That doesn’t mean that I will never talk to people. In some instances, I may take a candid photograph of a person and then decide I would also like something slightly more posed.2 In those cases, I will take the initial shot and then contact the person and ask them for something less candid.
I should also note that there are well known street photographers who do get at least tacit permission from most of their subjects. Noted photographer and trainer Scott Kelby suggests smiling at the person and making a short wave with the camera. Then you raise the camera to your eye to take the shot. Whether you choose this or a similar approach is really a matter of your goals.
Restrictions on Street Photography
As noted in the previous section, that does not mean that you can use photos, even those taken in a public place, for any purpose without restriction. A photographer may use the candid photo for display and even for sale as ‘art’ without the subject’s permission. However, if you wish to use the photo for any type of commercial purpose, you must obtain permission. This permission is called a ‘model release.’
Commercial use most often relates to use of the photograph in advertising. For example, you want to sell your photograph of a person to your neighbor for use in her campaign to sell the purses she makes. You would need a model release from the person photographed for that use.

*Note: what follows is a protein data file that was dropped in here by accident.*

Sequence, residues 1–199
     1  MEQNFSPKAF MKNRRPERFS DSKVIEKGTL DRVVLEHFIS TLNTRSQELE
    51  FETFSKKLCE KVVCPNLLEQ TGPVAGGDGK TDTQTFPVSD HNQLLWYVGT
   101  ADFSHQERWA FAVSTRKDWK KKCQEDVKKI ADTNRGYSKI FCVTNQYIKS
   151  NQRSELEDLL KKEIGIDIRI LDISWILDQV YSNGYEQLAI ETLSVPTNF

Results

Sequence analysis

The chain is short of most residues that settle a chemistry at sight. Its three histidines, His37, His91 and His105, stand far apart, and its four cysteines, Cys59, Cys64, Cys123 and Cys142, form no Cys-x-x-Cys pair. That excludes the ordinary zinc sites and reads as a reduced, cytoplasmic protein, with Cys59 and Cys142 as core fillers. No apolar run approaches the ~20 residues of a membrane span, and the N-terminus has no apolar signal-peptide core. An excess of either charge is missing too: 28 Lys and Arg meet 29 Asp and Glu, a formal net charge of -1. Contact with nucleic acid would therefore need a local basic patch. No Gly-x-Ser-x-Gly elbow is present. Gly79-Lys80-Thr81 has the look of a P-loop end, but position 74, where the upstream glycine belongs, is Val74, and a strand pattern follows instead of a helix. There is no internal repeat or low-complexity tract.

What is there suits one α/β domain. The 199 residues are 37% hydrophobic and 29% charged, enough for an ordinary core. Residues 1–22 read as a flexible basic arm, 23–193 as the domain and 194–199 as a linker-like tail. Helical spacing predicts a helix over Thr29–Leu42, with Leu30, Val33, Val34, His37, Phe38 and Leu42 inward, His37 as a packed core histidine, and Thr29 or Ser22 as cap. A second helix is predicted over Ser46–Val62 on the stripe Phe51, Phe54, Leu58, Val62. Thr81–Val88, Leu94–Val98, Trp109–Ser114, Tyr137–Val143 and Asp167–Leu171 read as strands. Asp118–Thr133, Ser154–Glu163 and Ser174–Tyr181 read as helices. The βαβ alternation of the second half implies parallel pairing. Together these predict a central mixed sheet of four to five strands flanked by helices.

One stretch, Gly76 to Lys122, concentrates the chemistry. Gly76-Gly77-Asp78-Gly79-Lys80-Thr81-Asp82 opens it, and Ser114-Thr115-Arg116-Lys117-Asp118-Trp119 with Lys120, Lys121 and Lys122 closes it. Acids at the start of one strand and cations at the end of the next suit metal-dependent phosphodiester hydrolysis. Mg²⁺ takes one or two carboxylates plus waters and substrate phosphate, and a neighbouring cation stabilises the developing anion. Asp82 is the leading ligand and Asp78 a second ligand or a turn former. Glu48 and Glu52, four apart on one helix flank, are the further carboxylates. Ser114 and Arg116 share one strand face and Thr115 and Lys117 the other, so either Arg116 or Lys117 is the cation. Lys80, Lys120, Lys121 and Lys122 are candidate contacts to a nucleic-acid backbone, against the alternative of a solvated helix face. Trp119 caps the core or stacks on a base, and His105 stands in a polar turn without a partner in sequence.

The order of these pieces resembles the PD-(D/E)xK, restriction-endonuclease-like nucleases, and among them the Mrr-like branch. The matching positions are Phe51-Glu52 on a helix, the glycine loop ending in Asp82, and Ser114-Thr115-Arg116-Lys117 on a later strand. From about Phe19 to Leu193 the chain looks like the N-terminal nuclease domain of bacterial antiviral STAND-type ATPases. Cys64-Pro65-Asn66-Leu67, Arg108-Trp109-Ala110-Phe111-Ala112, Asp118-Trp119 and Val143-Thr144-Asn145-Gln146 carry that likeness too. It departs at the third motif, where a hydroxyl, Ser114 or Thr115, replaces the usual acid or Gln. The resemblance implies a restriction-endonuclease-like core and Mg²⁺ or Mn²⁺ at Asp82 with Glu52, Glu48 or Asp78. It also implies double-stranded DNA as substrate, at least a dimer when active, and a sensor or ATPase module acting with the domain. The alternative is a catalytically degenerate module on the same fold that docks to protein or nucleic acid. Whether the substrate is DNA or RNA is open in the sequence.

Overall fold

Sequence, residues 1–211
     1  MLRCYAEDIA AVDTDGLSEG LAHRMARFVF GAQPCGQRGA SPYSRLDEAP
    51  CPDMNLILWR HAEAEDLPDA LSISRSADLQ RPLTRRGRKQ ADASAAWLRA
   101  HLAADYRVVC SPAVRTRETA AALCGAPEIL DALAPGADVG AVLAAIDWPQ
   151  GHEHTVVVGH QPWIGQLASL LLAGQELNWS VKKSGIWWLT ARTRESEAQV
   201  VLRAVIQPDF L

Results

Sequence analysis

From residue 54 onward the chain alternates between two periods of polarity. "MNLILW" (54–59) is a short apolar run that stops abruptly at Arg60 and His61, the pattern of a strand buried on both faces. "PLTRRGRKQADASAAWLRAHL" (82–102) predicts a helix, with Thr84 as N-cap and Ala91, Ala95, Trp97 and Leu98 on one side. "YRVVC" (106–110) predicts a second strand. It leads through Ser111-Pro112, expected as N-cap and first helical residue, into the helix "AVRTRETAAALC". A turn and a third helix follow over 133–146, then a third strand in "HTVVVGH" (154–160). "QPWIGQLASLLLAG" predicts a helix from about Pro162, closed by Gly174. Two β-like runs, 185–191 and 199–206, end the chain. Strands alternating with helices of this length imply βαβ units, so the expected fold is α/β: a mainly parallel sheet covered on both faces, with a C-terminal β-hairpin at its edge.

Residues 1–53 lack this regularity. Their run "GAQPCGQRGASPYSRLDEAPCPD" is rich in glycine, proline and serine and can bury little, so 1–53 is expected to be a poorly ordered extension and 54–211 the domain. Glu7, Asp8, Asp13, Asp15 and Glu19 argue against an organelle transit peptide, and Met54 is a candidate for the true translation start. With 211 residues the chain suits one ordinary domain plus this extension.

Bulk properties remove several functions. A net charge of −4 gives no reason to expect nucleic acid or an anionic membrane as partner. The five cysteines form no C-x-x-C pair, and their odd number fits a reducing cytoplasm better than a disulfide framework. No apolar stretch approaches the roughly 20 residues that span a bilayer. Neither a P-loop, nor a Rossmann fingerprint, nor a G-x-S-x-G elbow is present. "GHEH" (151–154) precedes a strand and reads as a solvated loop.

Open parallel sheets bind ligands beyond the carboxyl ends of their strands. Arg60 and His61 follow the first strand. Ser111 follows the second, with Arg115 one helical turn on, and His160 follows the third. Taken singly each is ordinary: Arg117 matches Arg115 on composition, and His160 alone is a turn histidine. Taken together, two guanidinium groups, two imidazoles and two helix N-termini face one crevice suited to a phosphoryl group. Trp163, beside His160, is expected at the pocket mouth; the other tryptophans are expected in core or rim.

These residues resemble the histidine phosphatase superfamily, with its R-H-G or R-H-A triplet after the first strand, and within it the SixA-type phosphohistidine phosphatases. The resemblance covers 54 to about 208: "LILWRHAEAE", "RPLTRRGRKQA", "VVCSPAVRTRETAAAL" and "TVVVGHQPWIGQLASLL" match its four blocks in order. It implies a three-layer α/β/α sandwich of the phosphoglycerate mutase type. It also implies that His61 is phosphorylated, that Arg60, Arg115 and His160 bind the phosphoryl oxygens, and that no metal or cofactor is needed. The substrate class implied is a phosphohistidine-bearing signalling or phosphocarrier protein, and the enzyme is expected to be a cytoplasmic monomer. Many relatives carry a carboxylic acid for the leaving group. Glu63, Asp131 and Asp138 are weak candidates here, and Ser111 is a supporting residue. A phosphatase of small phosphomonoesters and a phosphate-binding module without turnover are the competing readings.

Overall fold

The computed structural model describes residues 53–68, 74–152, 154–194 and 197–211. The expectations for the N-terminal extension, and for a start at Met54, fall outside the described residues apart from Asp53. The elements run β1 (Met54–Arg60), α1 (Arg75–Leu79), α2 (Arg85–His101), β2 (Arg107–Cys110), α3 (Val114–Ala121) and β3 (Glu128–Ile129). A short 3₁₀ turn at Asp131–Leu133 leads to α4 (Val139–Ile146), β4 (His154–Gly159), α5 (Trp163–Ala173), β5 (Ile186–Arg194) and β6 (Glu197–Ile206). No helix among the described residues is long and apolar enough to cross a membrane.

Additionally, if you wish to sell your photos on a stock site3 such as Adobe Stock, Getty Images, or Shutterstock, you will need to obtain a model release. This is because the stock photo sites have no control on how an image is used after it is purchased from them. By requiring a model release for every person who can be identified in a stock photo, the stock company is protecting themselves in case a purchaser does make a commercial use of a photo.
There are many samples of model releases available on the internet. Some of the stock services require specific wording. Therefore, it pays to review the requirements of the service before you take photos you plan to sell there.
I use an app called ‘Easy Release’ from Applicationgap. It allows you to store a variety of model releases on your phone or tablet. It also expedites the process of completing the release and getting the proper signatures. You can store the completed releases for as long as you desire.
There is also a form for release of photos of certain types of property. Not surprisingly, this is called a ‘property release’ and is similar to the ‘model release’. Photographers can find the requirements for obtaining a property release on many internet sites.
Street photography is only one of numerous genres available to the budding or experienced photographer. But unlike the static atmosphere of landscape or architectural photography or the controlled environment of the studio, the street offers photographic opportunities that change from second to second. As ever-changing as the sunrise, street photography captures the infinite nuances of the human condition — people being themselves.
- http://carterlawaz.com/2012/05/when-can-someone-post-photos-of-you-online/ by Ruth Carter. Accessed by the author on 12/30/2017.
- An example of this is discussed in my post about ‘John‘